• 8. The method of claim 1 wherein
      • the antigen comprises
    • 10. The method of claim 1, wherein
      • the porcine has a disruption in at least one additional native gene in its genome and wherein
    • 11. The method of claim 1, wherein
      • the porcine has a disruption in at least one additional native gene in its genome and wherein
    • 15. The method of claim 1 or claim 12, wherein
      • the porcine has a targeted disruption in both alleles of the J6 joining region of the porcine heavy chain gene.
    • 16. The method of claim 1 or claim 12, wherein
      • the porcine has a targeted deletion of the J6 joining region of the porcine heavy chain gene.
  • 12
    12. A method of characterizing the cellular immune response and course of infection in a porcine animal that has been treated with a prophylactic or therapeutic medicament against an infectious agent comprising:
    • (a) exposing the porcine animal to the infectious agent or surface antigen thereof;
    • (b) treating the porcine with the medicament; and
    • (c) characterizing the cellular immune response and course of infection in the porcine to assess the effectiveness of the medicament, wherein the porcine animal is genetically modified to lack expression of functional porcine heavy chain immunoglobulin due to a targeted disruption in both alleles of the porcine heavy chain (Hc) gene, which results in a lack of B-cell production in the porcine.
    • 13. The method of claim 12, wherein
      • the medicament is a vaccine.
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Description

FIELD OF THE INVENTION

Animals, in particular porcine animals, tissue and organs as well as cells and cell lines derived from such animals are provided that lack functional endogenous immunoglobulin expression. These animals are useful for development of new pharmaceutical and biological agents. In addition, methods are provided to prepare such animals.

BACKGROUND

Models are necessary to study certain disease characteristics. In infectious disease research and vaccine development, it is important to study the cellular and humoral immune response, both together and separately. A 2006 report by the World Health Organization stated “There is evidence suggesting that both cellular and humoral immune responses contribute to protection in humans, and thus the development of laboratory methods and animal models for evaluation of new acellular pertussis vaccines/combinations which detect both types of immune response is necessary.”

Mice are the most commonly used research model animal as they are easy to maintain, reproduce readily, and are less costly to house and care for than large animal models. In addition, the ability to readily genetically modify the mouse genome has enabled the creation of many mouse lines with specific phenotypes that are useful for research (Malakoff, 2000). There are numerous existing immune-deficient mouse models.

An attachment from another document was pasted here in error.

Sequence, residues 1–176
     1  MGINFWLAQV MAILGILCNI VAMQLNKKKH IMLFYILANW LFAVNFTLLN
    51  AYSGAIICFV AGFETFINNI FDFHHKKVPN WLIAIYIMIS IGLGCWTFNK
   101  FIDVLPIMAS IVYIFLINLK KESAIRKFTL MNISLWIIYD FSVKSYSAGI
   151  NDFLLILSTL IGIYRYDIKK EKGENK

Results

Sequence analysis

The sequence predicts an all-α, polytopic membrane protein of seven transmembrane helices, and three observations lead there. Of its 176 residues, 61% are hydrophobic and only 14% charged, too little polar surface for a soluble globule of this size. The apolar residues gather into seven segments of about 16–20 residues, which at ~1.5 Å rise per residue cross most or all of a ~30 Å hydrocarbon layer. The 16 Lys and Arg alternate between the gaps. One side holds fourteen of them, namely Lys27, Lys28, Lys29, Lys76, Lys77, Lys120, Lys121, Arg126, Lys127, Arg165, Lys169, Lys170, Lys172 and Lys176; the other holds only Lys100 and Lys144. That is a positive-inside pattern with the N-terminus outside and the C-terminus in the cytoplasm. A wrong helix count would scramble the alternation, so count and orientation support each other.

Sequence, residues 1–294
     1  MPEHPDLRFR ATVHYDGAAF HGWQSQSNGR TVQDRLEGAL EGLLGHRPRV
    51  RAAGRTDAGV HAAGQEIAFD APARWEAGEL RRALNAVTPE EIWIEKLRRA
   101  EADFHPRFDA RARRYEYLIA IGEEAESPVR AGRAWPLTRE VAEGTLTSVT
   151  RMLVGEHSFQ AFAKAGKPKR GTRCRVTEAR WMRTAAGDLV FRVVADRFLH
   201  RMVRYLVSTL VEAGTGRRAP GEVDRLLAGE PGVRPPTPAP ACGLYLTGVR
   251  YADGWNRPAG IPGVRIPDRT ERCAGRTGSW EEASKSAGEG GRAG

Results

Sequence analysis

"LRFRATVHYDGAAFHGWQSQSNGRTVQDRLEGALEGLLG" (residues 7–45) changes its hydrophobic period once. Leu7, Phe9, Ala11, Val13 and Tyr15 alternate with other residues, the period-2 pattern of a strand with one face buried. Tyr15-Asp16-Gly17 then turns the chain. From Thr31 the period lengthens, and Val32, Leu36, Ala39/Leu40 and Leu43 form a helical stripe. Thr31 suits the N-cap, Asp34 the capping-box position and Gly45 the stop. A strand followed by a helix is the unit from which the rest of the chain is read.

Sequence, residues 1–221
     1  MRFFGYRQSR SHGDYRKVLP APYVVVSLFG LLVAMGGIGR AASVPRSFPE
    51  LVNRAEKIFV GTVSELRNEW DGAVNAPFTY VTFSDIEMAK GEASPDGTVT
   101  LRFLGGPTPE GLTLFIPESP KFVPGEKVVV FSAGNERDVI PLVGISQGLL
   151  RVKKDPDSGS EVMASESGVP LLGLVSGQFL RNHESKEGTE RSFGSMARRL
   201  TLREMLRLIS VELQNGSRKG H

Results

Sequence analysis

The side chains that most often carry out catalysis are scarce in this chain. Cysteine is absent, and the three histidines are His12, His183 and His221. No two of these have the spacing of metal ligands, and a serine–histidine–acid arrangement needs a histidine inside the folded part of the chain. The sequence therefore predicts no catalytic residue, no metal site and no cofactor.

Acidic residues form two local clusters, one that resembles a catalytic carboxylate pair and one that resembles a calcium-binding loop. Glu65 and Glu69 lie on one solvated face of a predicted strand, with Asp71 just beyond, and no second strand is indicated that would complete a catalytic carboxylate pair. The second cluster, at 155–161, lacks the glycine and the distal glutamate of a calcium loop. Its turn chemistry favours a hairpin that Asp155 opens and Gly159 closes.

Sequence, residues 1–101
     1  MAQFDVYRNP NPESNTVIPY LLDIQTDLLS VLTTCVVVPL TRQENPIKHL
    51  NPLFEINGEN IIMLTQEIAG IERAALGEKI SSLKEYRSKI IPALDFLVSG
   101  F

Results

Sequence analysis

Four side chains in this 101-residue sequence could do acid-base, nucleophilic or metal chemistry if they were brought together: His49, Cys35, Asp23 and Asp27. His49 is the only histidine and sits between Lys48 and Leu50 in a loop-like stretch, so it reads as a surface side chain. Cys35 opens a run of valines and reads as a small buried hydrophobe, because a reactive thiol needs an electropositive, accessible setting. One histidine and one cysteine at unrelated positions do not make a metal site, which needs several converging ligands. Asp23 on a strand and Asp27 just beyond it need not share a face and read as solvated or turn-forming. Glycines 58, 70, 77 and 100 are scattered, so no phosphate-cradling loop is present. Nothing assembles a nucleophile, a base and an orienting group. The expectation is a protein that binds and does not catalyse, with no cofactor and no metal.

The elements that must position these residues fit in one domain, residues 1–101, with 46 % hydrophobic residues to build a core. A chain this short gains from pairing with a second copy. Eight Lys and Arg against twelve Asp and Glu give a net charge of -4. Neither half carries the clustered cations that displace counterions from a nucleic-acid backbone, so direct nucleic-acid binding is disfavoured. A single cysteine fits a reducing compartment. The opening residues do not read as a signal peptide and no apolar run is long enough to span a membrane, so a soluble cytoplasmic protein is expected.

Immune-deficient mice with spontaneous mutations were first characterized in 1966-68 (nude) and 1983 (scid). The nude mutation causes a failure of most T-cells to develop from their thymic precursor cells although some T-cells, B-cells and NK cells are present. Therefore the nude mouse is not an immunologically inert mouse although it has been used extensively in research. Mice homozygous for the mutation scid (SCID mice) have no B or T lymphocytes, however they do have NK cells. In addition, they often have a “leaky” phenotype in which immunoglobulins are produced (Bosma et al. (1989) Curr Top Microbiol Immunol 152, 1-263, Bosma & Carroll, (1991) Ann. Rev. Immunol. 9, 323-350). A Rag-1 or Rag-2 deficient mouse has also been developed (Mombaerts et al., (1992) Cell 68, 869-877, Shinkai, et al. (1992) Cell 68, 855-867, U.S. Pat. No. 5,859,307). Rag-1 and Rag-2 deficient mice cannot initiate V(D)J rearrangement and therefore lack mature lymphocytes. SCID mutant and Rag-1 and Rag-2 null mice have been widely used in studies with T-cell deficient nude mice in preconditioning, transplantation, and pathogen challenge protocols.

One way the body reacts to antigens is by making antibodies. Antibodies (also called immunoglobulins or “Igs”) are proteins that are manufactured by B-cells and circulate in the blood to detect foreign antigens When a vertebrate first encounters an antigen, it exhibits a primary humoral immune response, where B lymphocytes are activated, which generate highly specific antibodies to the antigen and differentiate into “effector” cells to secrete the antibodies. If the animal encounters the same antigen again after a short time the immune response is more rapid and has a greater magnitude than the first response. The initial encounter causes certain B-cells to proliferate and differentiate. The progeny lymphocytes include not only effector cells but also memory cells, which retain the capacity to produce effector cells upon subsequent stimulation by the original antigen. The effector cells live for only a few days but memory cells will remain active for an extended period, even throughout the animal's life, and can be reactivated by a second stimulation with the same antigen. Thus, when an antigen is encountered again, the memory cells quickly produce effector cells, which rapidly produce antibodies.